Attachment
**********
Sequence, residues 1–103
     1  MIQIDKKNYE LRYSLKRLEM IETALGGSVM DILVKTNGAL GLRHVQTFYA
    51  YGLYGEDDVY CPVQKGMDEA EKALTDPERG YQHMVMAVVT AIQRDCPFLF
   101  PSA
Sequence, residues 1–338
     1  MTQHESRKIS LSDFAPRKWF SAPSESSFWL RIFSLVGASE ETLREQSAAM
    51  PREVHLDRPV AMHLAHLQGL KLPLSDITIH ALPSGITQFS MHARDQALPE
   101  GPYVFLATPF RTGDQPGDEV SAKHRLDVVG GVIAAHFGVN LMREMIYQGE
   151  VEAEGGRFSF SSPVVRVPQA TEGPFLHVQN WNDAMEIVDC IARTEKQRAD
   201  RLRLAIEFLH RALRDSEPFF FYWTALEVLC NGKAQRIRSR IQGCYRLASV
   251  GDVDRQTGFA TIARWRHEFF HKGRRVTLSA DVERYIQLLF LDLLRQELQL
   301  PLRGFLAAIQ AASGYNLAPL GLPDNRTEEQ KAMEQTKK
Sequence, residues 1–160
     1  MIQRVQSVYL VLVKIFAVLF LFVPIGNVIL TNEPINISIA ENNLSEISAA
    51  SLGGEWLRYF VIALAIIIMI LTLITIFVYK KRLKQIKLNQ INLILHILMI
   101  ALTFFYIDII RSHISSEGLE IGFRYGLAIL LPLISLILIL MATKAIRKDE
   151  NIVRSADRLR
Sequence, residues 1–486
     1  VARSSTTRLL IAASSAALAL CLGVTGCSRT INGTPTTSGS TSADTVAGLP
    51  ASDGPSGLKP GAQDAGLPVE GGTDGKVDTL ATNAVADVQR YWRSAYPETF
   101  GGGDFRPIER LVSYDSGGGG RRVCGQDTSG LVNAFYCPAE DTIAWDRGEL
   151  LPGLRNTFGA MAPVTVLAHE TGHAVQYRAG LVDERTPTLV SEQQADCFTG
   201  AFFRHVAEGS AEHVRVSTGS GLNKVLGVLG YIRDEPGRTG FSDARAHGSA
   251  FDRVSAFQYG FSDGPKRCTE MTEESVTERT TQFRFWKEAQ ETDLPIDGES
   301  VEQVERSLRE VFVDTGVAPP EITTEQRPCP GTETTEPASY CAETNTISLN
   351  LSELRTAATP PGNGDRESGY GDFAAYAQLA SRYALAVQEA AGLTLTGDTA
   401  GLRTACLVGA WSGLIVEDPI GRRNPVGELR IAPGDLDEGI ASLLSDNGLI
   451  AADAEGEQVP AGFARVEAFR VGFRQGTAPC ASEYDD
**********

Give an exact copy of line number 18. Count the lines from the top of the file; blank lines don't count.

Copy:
Sequence, residues 1–486